Also for file/data driven tests such as many of those used at RainStor we apply conversions to remove inconsistent/random information from test results prior to comparison against expected results. Storing the original result as well as that modified for comparison allows for valuable de-risking investigation to be performed to ensure that you are not masking issues through the process of modifying results.

Application Logs

If the application has a logging mechanism it is useful to copy the logs associated with a test run and store with the results of the run. These can be an excellent diagnostic tool to assist the tester in investigating issues that may have arisen in the tests, even after the test environment may have been torn down.

System logs

Tracking and storing operating system logs and diagnostics such as /var/log/messages or the Windows event log is again a great aid towards examining application behaviour and investigating potential issues after the tests have completed. This information is not only useful for debugging but also to check for potential issues that may not have been picked up by the specific check criteria in the tests themselves.

Test timings

Many of my tests relate to specific performance targets and so have associated timings that form part of their success criteria. Even for those that don't, storing the time taken to run each test can provide some very useful information. Some of the automated tests that I run do not perform any checks at all, but simply gather timings which I can use to model application performance through the course of the test and identify unhealthy patterns or likely points of failure.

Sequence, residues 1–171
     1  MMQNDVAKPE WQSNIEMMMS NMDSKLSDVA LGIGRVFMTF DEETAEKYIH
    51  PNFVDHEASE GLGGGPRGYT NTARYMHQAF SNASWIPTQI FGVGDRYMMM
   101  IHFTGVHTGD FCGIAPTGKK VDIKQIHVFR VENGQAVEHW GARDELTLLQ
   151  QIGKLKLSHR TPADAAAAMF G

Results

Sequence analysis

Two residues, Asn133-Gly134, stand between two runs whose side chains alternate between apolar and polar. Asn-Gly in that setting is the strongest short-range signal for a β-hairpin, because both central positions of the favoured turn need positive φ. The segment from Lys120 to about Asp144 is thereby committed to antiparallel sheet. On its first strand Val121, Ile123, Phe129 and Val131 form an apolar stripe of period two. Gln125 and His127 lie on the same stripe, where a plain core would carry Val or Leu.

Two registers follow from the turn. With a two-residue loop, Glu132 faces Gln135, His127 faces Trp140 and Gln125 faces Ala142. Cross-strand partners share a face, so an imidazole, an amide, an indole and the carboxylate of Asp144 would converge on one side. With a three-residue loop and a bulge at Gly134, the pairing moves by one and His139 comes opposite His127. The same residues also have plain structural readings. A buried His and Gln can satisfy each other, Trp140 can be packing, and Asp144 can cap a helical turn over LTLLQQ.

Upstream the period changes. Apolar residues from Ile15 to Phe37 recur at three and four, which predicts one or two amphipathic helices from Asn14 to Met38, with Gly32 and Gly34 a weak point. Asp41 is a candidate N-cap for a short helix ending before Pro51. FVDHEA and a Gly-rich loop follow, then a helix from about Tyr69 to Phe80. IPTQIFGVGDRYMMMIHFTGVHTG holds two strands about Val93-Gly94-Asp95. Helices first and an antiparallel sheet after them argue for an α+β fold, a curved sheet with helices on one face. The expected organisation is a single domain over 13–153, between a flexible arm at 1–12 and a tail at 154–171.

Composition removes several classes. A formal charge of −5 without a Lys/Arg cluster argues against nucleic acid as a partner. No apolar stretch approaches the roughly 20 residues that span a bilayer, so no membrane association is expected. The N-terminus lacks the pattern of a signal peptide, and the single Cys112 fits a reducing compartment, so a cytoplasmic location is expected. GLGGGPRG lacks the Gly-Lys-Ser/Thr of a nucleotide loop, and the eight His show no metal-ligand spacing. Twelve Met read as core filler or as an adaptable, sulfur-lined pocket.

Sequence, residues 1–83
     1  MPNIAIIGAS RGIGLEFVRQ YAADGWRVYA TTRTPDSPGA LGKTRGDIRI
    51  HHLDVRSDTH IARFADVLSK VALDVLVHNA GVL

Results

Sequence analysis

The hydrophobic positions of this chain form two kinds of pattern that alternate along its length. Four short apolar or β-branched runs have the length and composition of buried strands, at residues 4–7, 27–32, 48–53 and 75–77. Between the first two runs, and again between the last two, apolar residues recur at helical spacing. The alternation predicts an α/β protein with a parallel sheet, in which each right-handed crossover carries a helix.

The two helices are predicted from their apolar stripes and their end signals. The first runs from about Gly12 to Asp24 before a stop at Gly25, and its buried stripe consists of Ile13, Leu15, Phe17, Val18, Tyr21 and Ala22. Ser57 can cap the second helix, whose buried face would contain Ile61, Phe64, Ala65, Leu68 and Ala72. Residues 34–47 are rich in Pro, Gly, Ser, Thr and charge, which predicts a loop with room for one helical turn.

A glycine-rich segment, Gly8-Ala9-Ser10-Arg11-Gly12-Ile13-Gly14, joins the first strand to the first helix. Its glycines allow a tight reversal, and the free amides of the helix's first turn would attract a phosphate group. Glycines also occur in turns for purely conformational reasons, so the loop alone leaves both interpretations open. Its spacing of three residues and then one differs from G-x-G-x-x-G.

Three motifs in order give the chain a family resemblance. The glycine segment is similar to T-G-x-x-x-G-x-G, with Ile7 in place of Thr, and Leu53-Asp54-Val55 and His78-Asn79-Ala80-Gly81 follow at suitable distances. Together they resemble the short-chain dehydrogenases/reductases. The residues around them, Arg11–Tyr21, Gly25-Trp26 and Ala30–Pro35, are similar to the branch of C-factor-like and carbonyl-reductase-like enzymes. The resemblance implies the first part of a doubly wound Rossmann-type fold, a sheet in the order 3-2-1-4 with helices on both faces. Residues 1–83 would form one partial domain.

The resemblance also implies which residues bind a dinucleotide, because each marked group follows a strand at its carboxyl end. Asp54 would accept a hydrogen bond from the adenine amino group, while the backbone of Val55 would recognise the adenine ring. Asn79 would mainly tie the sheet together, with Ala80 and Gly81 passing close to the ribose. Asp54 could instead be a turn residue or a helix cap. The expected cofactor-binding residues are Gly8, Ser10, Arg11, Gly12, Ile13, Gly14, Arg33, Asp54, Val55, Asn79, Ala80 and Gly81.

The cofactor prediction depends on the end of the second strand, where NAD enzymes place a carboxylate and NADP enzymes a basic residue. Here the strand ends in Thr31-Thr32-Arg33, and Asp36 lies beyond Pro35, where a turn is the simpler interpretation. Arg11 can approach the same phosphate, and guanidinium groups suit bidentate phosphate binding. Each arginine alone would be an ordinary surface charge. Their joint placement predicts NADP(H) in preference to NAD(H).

Also if, as I do, you store a history of test results in a database then this allows you to graph the changing behaviour of the test over time through multiple iterations of the software and identify patterns or key dates when behaviour changed.

Application Memory Usage

As with test timings, some of my tests have a specific memory criteria which is checked, however for the majority of tests I log the system memory usage of the application through the test. Again by storing this information in a database we can track the memory behaviour of the system over time and identify key dates when memory issues may have been introduced. Knowing the memory usage of the application can also be a valuable piece of information when debugging intermittent faults under high load.

Test Purpose

Not strictly something that is gathered by the test, but storing the test purpose in the test results makes it much easier for anyone investigating the cause of test failures, especially if this is not the person who wrote the tests.

Test Application Logs

Most successful test automation implementation are the ones that view their test harnesses as products in their own right, and in that regard these should generate their own application logs which can also be stored with the results of a test run. Should unexpected results arise from the tests these logs provide a wealth of information on the activities carried out by the test application/harness and any issues encountered which may have been the cause of the exception.

If you have gone to the effort of implementing a suite of automated tests then a lot of the hard work is done. Take the time to consider how you can use the power of these tests to do more than just checking and instead reap a wealth of useful information that can be used to assist in and improve your testing process.

Copyright (c) Adam Knight 2009-2010